The Perilous Realm Online

 

Book One: The Endless Road

Chapter Two

The girl hurried on and Will struggled to keep up with her. The wind had risen and branches whipped into his face as he plodded on. 

Finally, to his relief, the girl stopped. She held the lantern before her, and now it began to glow a soft, pale shade of blue.

Will turned in a circle. The woods looked the same as they did everywhere else, shadowy and cheerless.

“There’s nothing here,” he said, close to her ear. And then, as soon as he said it, he turned once more and peered into the darkness. A faint blue light glimmered in the dark, so faintly that he wasn’t sure it was really there. 

Will nudged the girl and pointed.

“That’s it,” she said with relief in her voice. “Every snug has its own waylight. It’s answering this one. Come on. There will be shelter, and food.”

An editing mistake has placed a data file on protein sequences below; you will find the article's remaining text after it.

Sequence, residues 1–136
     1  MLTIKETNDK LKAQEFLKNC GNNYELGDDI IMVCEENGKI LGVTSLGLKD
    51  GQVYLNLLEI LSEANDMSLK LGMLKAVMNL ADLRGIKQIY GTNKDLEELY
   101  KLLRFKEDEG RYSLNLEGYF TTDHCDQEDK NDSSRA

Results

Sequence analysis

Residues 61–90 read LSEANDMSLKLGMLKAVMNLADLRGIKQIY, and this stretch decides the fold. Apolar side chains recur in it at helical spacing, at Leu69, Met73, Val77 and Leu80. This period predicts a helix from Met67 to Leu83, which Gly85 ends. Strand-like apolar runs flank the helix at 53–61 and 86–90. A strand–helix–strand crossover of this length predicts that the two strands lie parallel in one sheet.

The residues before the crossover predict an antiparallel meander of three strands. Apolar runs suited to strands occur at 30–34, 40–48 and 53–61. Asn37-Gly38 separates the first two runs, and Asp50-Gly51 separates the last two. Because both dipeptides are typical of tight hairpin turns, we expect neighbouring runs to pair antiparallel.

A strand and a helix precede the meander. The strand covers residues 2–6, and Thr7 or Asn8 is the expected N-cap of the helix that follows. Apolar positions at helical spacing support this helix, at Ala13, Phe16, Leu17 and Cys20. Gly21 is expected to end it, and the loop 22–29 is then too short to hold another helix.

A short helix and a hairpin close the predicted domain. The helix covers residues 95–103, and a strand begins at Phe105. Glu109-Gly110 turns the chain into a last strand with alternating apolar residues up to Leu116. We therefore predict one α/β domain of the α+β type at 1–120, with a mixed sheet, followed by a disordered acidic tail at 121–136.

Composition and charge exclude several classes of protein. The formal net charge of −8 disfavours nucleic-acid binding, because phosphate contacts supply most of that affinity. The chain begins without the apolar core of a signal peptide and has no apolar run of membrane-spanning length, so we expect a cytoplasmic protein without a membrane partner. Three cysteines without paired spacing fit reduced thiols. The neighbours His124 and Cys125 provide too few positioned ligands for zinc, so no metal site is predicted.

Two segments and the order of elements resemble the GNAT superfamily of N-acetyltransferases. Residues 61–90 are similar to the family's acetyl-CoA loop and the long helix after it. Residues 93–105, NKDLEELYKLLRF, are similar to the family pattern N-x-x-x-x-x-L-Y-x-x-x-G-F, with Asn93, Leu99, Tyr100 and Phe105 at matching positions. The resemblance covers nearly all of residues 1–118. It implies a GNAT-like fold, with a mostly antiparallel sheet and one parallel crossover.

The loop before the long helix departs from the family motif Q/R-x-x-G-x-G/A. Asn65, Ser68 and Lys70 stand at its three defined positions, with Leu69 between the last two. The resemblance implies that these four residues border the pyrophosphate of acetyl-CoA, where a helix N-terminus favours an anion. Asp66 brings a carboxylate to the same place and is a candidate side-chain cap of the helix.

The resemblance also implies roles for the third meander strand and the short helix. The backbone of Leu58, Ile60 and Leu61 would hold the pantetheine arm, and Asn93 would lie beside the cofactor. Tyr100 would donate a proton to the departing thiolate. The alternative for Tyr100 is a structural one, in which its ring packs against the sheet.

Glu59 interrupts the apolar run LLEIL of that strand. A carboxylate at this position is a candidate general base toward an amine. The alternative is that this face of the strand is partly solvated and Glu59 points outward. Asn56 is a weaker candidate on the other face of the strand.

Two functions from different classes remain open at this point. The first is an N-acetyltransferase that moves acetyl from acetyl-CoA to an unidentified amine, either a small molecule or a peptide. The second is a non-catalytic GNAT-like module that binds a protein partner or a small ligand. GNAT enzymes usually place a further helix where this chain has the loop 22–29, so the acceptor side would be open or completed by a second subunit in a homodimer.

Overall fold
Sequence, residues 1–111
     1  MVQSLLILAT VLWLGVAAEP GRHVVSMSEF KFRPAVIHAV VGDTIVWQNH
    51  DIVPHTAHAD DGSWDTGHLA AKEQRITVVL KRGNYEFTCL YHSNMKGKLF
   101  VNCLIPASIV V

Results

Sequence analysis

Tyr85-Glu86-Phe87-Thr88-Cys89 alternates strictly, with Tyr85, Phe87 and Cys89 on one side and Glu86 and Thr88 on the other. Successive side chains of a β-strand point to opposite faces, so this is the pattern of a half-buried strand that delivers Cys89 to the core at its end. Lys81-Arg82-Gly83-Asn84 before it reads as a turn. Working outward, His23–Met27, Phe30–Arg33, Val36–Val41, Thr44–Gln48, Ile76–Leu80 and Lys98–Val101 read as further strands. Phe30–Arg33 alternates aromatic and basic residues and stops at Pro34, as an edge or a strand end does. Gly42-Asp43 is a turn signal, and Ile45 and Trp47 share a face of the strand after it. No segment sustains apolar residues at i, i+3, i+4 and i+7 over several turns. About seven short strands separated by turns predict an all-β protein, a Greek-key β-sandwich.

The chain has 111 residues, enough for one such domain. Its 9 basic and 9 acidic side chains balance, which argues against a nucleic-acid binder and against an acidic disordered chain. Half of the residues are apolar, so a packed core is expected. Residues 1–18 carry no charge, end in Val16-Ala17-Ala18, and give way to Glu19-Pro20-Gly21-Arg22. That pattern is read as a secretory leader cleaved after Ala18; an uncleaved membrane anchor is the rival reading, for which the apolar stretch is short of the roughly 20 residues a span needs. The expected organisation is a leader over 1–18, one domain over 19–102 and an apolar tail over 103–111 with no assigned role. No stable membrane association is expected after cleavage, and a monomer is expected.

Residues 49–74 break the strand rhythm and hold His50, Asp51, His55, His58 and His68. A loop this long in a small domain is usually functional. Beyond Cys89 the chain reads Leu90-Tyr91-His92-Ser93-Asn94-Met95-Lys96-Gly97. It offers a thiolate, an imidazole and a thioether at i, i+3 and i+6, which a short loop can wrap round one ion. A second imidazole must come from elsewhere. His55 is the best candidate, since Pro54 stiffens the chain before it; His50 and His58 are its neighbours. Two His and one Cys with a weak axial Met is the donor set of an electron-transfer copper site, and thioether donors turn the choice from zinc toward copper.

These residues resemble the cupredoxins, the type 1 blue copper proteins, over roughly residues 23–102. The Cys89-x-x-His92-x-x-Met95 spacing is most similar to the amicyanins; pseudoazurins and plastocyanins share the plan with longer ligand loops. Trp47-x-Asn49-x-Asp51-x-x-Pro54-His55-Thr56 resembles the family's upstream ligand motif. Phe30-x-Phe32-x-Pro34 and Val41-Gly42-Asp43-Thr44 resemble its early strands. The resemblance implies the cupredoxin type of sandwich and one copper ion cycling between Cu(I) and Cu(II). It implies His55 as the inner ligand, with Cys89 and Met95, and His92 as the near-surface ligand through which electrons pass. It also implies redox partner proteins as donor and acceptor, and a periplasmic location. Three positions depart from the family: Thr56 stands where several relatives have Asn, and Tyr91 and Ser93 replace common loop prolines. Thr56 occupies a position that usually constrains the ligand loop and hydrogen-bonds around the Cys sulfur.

She started off in the direction of the light. The word foodmade Will aware how hungry he was. Despite the strange things the girl was saying, the thought of a roof over his head and a meal was enough to spur him on.

They hurried as quickly as they could, and the light grew stronger and flickered less, until at last they were stopped by a tangle of intertwined branches that blocked their way. In the midst of the branches, almost invisible in the shadows, was what appeared to be the gnarled trunk of a tree, until Will saw a polished wooden handle and realized it was a small door. A wicker lantern hung above it, and as Will and the girl approached, its blue light shone out even brighter, then dimmed to a faint pulsing glimmer and went out.

The girl tucked away her lantern, then turned the handle and pushed the door gently, opening it only a little way. Warm yellow firelight spilled out through the gap. She ducked her head inside and back out again.

“Come on,” she said to Will, and he followed quickly, not wanting to be left outside alone even for a moment. He ducked his head and squeezed sideways through the little door as she had.